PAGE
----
How to Sleep Well with a Chronic Illness | The Health Sessions

How to Sleep Well with a Chronic Illness

This article is written by Danielle B Roberts. 

According to the National Health Council, 157 million Americans will be living with at least one chronic illness. An illness is considered to be chronic if the duration is three months or longer. Some examples of common chronic illnesses are diabetes, heart disease, endometriosis, lupus, Parkinson’s disease, and multiple sclerosis.

Due to the pain and restlessness caused by chronic illnesses, many people who have a chronic illness also suffer from insomnia. About 60 million Americans suffer from insomnia. Insomnia too can be a chronic condition.

You are considered to have insomnia if you have or do any of the following:

  • Difficulty falling asleep
  • Coming in and out of sleep in the middle of the night
  • Waking up earlier than expected
  • Fatigue during the day
  • The feeling of being unrefreshed when you wake up
  • Difficulty focusing and remembering

These are just a few of the symptoms one can experience from insomnia. Insomnia can bring on its own battles as well. Insomnia can cause you to have anxiety, depression, mood swings, and more. If you have a chronic illness, here are some things to try to help your insomnia.

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9 Coffee Alternatives to Try If You're Cutting Back on Caffeine | The Health Sessions

9 Coffee Alternatives to Try If You’re Cutting Back on Caffeine

Does drinking (too much) coffee make you jittery, anxious or makes it harder to fall asleep? You’re not alone.

There’s a lot of conflicting evidence about coffee. Some research states that a moderate caffeine consumption may actually be good for you, while other studies found adverse side-effects of excess caffeine, like insomnia, anxiety and heart palpations.

One of the explanations for these mixed results may lie in your genes. Thanks to genetic variations, some people produce a less active version of the enzyme responsible for metabolizing caffeine than others. If that’s the case, caffeine will stay in your body and brain for a longer period of time. As a result, the physiological effects of caffeine will be more pronounced. That’s why slow-metabolizers experience are more sensitive to consuming caffeine than fast-metabolizers.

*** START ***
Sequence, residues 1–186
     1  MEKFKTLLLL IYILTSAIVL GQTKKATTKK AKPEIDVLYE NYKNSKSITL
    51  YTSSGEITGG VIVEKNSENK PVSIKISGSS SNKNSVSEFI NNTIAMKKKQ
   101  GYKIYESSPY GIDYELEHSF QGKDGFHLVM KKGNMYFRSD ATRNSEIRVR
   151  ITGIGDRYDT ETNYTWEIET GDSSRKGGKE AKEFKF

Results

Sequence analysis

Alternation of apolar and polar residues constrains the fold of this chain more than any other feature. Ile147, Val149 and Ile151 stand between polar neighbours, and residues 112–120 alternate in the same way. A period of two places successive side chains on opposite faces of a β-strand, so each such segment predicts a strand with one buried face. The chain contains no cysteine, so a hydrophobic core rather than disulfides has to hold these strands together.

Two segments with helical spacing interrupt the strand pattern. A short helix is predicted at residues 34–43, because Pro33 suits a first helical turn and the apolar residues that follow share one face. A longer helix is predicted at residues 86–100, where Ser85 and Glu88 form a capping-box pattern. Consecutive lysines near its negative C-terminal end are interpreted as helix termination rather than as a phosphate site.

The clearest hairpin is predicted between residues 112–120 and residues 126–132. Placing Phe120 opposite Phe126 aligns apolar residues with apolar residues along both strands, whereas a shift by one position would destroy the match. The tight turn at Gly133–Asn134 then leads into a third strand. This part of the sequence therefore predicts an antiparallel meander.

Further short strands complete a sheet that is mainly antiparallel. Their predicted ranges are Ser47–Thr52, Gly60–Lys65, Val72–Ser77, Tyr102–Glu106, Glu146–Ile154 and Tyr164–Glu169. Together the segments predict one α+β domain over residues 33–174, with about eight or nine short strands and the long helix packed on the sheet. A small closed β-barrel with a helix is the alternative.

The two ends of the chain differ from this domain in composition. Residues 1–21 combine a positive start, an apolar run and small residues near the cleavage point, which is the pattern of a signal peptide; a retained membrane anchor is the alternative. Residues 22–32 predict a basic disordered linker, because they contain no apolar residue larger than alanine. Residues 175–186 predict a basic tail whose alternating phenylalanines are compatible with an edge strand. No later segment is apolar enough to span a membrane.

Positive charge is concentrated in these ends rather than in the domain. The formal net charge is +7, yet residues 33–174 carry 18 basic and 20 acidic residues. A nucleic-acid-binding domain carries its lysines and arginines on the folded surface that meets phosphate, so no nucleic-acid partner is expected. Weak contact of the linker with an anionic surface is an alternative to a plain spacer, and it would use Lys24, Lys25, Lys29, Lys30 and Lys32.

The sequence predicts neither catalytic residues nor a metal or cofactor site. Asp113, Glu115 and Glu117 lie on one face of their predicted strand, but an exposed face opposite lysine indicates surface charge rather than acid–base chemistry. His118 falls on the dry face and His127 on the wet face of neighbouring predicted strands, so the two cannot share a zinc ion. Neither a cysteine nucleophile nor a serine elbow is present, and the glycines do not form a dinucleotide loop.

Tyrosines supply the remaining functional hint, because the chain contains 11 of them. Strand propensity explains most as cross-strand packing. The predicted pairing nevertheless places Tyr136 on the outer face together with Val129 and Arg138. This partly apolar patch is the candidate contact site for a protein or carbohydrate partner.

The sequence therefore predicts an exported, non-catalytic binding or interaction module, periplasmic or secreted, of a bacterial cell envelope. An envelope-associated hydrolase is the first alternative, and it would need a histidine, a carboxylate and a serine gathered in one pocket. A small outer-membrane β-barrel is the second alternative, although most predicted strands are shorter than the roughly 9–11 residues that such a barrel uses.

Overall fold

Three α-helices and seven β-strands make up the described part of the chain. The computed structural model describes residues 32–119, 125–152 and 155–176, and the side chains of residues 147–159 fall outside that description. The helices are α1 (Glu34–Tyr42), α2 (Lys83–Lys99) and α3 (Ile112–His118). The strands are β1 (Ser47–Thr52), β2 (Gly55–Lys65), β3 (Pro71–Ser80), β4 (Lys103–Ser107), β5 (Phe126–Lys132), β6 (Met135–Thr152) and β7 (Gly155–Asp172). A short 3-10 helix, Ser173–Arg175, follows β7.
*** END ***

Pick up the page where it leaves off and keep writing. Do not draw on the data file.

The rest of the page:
And of course, things like your liver health, use of oral contraceptives or being pregnant also play a role in caffeine sensitivity. 

Whatever your reasons for wanting to cut back on caffeine, you can still wake up to a warming, energizing drink. Try these 9 coffee alternatives to start your day off with a bang. 

Read more >9 Coffee Alternatives to Try If You’re Cutting Back on Caffeine



8 Natural Ways to Optimize Your Immunity | The Health Sessions

8 Natural Ways to Optimize Your Immunity

Your immune system works around the clock to ward off bacteria, viruses and other disease-causing microorganisms. But sometimes it fails: a germ slips through your defense systems and you get sick.

Or worse: in reaction to an unknown trigger, the body sometimes produces antibodies that mistakenly attack its own tissues. This type of overactive immune reaction is what happens in auto-immune diseases like rheumatoid arthritis, diabetes and lupus.

Although scientifically speaking “boosting your immunity” makes little sense, common habits like chronic stress, a fast food diet and sleep deprivation are known to decrease your body’s ability to fight off foreign invaders. So what can you do to keep your immune system strong – besides washing your hands and practicing good cooking hygiene?